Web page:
Insurers are also using Drones as they can easily access isolated and dangerous areas, especially after disasters and aid in an effective collection of aerial data. This not only cuts costs but also fastens the claim process. Usage of drones will be more beneficial during the present times when implementation of social distancing norms has become necessary. Similarly, Virtual reality is being used to improve underwriting as it can create 3D images of buildings and reconstruct accidents. Moreover, Blockchain technologies and smart contracts are being used to maintain an immutable record, eliminate fraudulent claims and to immediately settle claims.

Overall, in the postCOVID-19 world, usage of technology in the insurance industry will ensure that the rise in demand for a variety of new products is met. This will help the consumer to meet any increased expenditure for a certain defined event at a lower price which includes critical illnesses among others. Secondly, rather than payment of fixed premiums over time, a customer would be charged based on the extent to which a certain activity is being performed.

Legal challenges to Insurtech and the road ahead in India

The Insurtech industry has a lot of potential, however, it is likely to encounter multiple legal challenges. One of the major obstacles being faced by the Insurtech companies is an inflexible regulatory landscape. The insurance industry is averse to disruptions and new entrants usually fail to comply with the existing regulations. Specific regulations for growing innovation in insurance have not yet been laid down, barring their entry. Furthermore, the insurance sector is highly competitive and capital intensive which has put new entrants at a major disadvantage.

Another major obstacle is being posed by access to a copious amount of granular and sensitive data by the Insurtech companies. These companies are likely to face additional challenges as regulations related to consumer’s personal data are increasing. Moreover, there are no solid regulations in place to govern the functioning of emerging technologies like Blockchain, AI, drones, IoT which is bound to result in privacy issues and cyber-attacks. Their use in the absence of any proper regulatory mechanism brings in the question of liability in cases of technological faults especially in use of AI where attribution of liability is still a hotly debated grey area. Unfair profiling of certain classes of customers by algorithms while underwriting or claim processing is also a valid concern which undermines the right to equality.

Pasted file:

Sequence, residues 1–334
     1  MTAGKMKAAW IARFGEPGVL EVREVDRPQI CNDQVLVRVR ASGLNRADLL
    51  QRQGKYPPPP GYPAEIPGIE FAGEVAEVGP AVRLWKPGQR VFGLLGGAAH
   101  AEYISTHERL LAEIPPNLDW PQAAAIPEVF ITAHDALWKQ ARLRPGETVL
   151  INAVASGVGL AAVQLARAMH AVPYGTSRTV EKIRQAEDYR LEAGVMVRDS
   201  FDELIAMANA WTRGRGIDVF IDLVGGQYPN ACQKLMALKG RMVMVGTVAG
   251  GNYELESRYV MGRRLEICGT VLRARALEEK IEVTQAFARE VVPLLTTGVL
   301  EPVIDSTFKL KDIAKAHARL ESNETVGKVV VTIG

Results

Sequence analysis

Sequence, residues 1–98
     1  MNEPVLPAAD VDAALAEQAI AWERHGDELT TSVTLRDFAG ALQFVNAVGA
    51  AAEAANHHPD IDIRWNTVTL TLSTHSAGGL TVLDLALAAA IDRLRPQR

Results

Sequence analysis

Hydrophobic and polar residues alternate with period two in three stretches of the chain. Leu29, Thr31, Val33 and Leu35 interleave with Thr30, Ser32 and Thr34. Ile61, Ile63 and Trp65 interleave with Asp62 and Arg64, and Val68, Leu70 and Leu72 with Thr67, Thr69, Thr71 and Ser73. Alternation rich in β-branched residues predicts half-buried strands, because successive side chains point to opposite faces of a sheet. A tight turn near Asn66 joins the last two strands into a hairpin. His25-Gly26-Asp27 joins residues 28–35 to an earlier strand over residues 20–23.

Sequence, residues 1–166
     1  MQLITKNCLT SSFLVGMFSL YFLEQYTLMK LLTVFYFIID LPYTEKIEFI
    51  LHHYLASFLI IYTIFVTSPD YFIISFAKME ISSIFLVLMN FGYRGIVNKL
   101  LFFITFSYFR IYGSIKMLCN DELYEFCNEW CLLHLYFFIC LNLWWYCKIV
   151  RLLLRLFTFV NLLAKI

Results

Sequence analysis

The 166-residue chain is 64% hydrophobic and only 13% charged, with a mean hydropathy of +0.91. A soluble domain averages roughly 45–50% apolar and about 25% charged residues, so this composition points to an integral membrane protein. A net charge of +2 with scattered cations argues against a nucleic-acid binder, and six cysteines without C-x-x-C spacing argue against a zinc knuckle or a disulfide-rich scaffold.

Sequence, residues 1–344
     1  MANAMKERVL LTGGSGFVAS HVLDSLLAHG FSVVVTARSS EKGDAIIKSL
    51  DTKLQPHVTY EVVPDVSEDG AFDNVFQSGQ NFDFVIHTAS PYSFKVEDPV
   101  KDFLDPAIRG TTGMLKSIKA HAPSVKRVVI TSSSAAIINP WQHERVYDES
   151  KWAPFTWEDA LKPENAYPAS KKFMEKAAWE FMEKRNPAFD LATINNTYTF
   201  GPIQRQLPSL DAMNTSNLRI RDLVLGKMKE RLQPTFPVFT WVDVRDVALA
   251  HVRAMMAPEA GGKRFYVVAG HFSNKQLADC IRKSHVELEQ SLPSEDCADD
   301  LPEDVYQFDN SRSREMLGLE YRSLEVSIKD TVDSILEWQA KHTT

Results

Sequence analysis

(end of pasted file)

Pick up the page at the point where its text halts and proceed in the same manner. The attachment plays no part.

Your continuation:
To overcome some of the above challenges, India is undergoing major regulatory reforms. In India, data protection is regulated under the Information Technology Act, 2000 and the Information Technology (Reasonable Security Practices and Procedures and Sensitive Personal Data or Information) Rules, 2011. However, for additional protection, the Insurance Regulatory and Development Authority of India (“IRDAI”) has prescribed a supplementary framework. It includes multiple regulations that require insurers to maintain the confidentiality of data. These regulations are namely:

a.      IRDAI (Protection of Policyholders’ Interests) Regulations, 2017

b.      IRDAI (Outsourcing of Activities by Indian Insurers) Regulations, 2017

c.      IRDAI (Health Insurance Regulations), 2016

d.      IRDAI (Maintenance of Insurance Records) Regulations, 2015

e.      IRDAI (Third Party Administrators – Health Services) Regulations, 2016

Furthermore, IRDAI has also issued guidelines on Information and Cyber Security and the Guidelines on Insurance E-Commerce to ensure that organisations implement procedures to prevent misuse of confidential data. Cybersecurity guidelines are applicable to all records, information and data received by the insurers and other third parties. On the other hand, the e-commerce guidelines govern the websites and mobile applications which are used to sell insurance products. The guidelines are only enabling or prescriptive in nature. However, these developments are likely to intensify due to release of the draft of the Personal Data Protection Bill, 2018 and declaration of privacy as a fundamental right in the case of Puttaswamy v. Union of India.